ServiceStack asynchronously writes each file to the Response Stream with the last Last-Modified HTTP Header to enable browser caching so it’s still a workable solution but for optimal performance you can specify args.assetsBase in your web.settings to populate the assetsBase TemplateContext Argument the resolveAsset filter uses to generate an external URL reference to the remote file, reducing the load and improving the performance of your App, especially when configured to use a CDN.

AWS Cloud Apps

The AWS settings below shows an example of this where every external resource in rockwind-aws.web-app.io has been replaced with a direct reference to the asset on its configured S3 bucket:

Rockwind.Aws/web.settings

# Note: values prefixed with '$' are resolved from Environment Variables
debug false
name AWS S3 PostgreSQL Web App
bind *
port 5000
db postgres
db.connection $AWS_RDS_POSTGRES
files s3
files.config {AccessKey:$AWS_ACCESS_KEY,SecretKey:$AWS_SECRET_KEY,Region:us-east-1,Bucket:rockwind}
args.assetsBase http://s3-postgresql.s3-website-us-east-1.amazonaws.com/

# Reduces an S3 API call, but takes longer for modified pages to appear
checkForModifiedPagesAfterSecs 60
defaultFileCacheExpirySecs     60

With all files being sourced from S3 and the App configured to use AWS RDS PostgreSQL the entire App is hosted on AWS’s managed cloud services that’s decoupled from the .NET Core 2.0 binary that runs it that for the most part won’t require redeploying unless making configuration changes or upgrading the web/app.dll as any App changes can just be uploaded straight to S3 where changes will reflected after checkForModifiedPagesAfterSecs, which tells the Web App how long to wait before checking for file changes whilst defaultFileCacheExpirySecs specifies how long to cache included files like content.md.

DockerFile

Deployments are also greatly simplified as all that’s needed is to deploy the WebApp binary and the web.settings of your Cloud App, e.g. This is the DockerFile for rockwind-aws.web-app.io - deployed to AWS ECS using the deployment scripts in Rockwind.Aws as per our .NET Core Docker Deployment Guideline:

FROM microsoft/dotnet:2.0-sdk
COPY web /web
ADD https://raw.githubusercontent.com/NetCoreWebApps/Rockwind.Aws/master/app/web.settings /web/web.settings
WORKDIR /web
EXPOSE 5000/tcp
ENV ASPNETCORE_URLS https://*:5000
ENTRYPOINT ["dotnet", "/web/app.dll"]

Azure Cloud Apps

We can also create Azure Cloud Apps in the same we’ve done above for AWS which we’ve deployed to rockwind.azurewebsites.net. It’s running the same /rockwind-vfs Web App but using an Azure hosted SQL Server database and all its files are hosted on Azure Blob Storage:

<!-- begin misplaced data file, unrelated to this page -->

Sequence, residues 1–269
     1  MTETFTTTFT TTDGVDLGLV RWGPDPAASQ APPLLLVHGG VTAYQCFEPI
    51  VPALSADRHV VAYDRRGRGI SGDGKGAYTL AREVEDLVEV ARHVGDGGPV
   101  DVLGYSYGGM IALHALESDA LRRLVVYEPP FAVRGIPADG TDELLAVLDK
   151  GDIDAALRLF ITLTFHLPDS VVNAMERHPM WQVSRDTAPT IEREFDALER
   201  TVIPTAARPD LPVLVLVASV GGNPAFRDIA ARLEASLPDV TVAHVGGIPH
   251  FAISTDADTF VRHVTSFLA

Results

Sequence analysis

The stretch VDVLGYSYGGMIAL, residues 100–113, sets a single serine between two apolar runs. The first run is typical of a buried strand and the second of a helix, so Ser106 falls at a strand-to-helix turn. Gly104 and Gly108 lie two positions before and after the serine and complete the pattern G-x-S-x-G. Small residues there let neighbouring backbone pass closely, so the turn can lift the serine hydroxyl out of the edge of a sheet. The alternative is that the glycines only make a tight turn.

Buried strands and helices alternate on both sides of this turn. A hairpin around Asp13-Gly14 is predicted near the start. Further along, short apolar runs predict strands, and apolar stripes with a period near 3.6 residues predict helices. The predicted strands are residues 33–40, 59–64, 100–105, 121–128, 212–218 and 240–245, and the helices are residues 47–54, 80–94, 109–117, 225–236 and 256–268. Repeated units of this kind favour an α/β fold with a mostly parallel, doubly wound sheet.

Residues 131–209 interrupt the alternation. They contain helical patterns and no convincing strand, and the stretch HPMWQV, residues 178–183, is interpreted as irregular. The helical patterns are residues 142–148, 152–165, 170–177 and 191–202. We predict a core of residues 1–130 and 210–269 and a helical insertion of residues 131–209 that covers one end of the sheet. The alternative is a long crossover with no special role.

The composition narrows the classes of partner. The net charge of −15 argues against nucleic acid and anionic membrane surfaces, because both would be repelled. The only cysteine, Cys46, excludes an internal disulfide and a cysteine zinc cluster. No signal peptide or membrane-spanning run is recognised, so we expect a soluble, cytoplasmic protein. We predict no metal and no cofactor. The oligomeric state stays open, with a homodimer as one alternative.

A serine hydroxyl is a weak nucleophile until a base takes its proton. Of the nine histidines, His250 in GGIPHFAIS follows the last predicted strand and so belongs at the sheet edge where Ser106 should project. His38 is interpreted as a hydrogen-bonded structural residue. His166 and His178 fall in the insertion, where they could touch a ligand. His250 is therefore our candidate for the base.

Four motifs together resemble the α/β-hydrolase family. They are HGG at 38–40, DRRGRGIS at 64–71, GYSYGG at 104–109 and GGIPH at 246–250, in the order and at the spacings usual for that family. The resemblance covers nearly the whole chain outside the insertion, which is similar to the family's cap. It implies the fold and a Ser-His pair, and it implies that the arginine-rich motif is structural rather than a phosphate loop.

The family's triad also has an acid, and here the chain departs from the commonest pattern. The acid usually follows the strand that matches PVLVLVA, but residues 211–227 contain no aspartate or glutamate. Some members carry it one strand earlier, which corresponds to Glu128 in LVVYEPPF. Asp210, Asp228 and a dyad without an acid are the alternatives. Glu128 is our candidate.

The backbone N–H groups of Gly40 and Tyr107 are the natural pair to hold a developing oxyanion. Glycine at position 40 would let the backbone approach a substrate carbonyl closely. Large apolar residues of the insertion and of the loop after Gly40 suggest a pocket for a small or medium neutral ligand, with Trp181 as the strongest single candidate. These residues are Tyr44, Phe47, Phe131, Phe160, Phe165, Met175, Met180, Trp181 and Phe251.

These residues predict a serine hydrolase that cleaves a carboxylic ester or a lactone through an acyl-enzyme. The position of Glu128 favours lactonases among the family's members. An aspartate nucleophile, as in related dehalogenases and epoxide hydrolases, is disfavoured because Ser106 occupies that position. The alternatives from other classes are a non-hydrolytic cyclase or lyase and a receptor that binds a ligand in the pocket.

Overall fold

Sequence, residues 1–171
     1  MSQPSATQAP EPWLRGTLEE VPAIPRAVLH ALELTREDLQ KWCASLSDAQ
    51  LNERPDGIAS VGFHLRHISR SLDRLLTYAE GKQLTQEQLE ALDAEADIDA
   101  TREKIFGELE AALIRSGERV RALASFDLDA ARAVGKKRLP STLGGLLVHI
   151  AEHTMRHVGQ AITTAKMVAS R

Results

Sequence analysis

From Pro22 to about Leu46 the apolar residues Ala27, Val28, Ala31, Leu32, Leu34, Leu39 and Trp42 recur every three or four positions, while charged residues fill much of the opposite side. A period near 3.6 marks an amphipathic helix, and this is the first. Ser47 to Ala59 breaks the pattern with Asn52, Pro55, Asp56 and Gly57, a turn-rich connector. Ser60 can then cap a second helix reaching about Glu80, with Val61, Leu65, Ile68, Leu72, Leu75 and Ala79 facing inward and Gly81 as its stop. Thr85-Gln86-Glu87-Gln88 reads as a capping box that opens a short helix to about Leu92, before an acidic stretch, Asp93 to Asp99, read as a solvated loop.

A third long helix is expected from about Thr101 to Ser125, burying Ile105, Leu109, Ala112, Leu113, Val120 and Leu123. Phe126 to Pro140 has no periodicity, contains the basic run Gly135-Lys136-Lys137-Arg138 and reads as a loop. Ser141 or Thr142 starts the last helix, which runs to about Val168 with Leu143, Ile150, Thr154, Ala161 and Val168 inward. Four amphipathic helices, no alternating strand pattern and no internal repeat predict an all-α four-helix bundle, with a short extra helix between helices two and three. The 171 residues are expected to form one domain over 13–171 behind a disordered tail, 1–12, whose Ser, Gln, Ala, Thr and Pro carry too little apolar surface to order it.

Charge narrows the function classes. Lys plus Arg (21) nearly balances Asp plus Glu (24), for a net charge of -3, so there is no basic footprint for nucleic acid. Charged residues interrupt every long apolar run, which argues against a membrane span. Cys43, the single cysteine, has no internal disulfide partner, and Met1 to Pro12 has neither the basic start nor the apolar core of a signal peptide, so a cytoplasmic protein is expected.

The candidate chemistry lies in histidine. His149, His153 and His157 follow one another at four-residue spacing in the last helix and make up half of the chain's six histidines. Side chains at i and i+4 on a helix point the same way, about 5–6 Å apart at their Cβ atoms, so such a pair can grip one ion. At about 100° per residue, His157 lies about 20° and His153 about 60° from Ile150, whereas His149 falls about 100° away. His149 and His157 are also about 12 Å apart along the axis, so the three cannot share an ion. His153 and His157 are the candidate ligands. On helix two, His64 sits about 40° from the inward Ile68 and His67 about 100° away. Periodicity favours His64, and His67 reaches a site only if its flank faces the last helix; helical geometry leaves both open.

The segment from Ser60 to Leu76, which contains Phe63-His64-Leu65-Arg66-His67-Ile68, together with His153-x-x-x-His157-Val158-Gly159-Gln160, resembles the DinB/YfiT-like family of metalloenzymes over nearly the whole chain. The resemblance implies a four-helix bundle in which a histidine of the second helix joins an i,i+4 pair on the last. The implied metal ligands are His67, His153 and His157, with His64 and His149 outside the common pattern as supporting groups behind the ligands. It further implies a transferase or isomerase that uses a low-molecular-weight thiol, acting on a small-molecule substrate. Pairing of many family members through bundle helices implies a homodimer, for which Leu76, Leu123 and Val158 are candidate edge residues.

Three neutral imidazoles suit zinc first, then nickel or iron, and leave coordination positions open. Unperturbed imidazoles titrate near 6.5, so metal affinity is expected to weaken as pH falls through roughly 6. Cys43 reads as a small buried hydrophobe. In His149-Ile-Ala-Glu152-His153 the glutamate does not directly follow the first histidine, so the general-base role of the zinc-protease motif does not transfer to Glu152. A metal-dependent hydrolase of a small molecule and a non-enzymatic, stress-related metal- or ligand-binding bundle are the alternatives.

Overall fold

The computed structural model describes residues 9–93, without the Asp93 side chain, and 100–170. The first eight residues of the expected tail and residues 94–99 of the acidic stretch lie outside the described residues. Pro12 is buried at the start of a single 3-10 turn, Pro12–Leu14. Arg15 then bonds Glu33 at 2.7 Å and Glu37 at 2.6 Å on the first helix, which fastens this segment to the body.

Rockwind.Azure/web.settings

# Note: values prefixed with '$' are resolved from Environment Variables
debug false
name Azure Blob SQL Server Web App
bind *
port 5000
db sqlserver
db.connection $AZURE_SQL_CONNECTION_STRING
files azure
files.config {ConnectionString:$AZURE_BLOB_CONNECTION_STRING,ContainerName:rockwind}
args.assetsBase https://servicestack.blob.core.windows.net/rockwind/

# Reduces an Azure Blob API call, but takes longer for modified pages to appear
checkForModifiedPagesAfterSecs 60
defaultFileCacheExpirySecs     60

See NetCoreWebApps/Rockwind.Azure for a detailed step-by-step guide for deploying Web Apps to Azure.

Plugins

source /Plugins - demo plugins.web-app.io

Up till now the Apps above only have only used functionality built into ServiceStack, to enable even greater functionality but still retain all the benefits of developing Web Apps you can drop .dll’s with custom functionality into your Web App’s /plugins folder. The plugins support in Web Apps is as frictionless as we could make it, there’s no configuration to maintain or special interfaces to implement, you can just drop your existing implementation .dll’s as-is into the App’s /plugins folder.

Plugins allow “no touch” sharing of ServiceStack Plugins, Services, Template Filters, Template Code Pages, Validators, etc. contained within .dll’s or .exe’s dropped in a Web App’s /plugins folder which are auto-registered on startup. The source code for all plugins used in this App were built from the .NET Core 2.0 projects in the /example-plugins folder. The plugins.web-app.io Web App below walks through examples of using Custom Filters, Services and Validators:

Registering ServiceStack Plugins

ServiceStack Plugins can be added to your App by listing it’s Type Name in the features config entry in web.settings:

debug true
name Web App Plugins
port 5000
contentRoot ~/../plugins
webRoot ~/../plugins
features CustomPlugin, OpenApiFeature, PostmanFeature, CorsFeature, ValidationFeature
CustomPlugin { ShowProcessLinks: true }
ValidationFeature { ScanAppHostAssemblies: true }

All plugins listed in features will be added to your Web App’s AppHost in the order they’re specified. They can further customized by adding a separate config entry with the Plugin Name and a JavaScript Object literal to populate the Plugin at registration, e.g the config above is equivalent to:

Plugins.Add(new CustomPlugin { ShowProcessLinks = true });
Plugins.Add(new OpenApiFeature());
Plugins.Add(new PostmanFeature());
Plugins.Add(new CorsFeature());
Plugins.Add(new ValidationFeature { ScanAppHostAssemblies = true });

Custom Plugin

In this case it tells our CustomPlugin from /plugins/ServerInfo.dll to also show Process Links in its /metadata Page:

public class CustomPlugin : IPlugin
{
    public bool ShowDrivesLinks { get; set; } = true;
    
    public bool ShowProcessLinks { get; set; }

    public void Register(IAppHost appHost)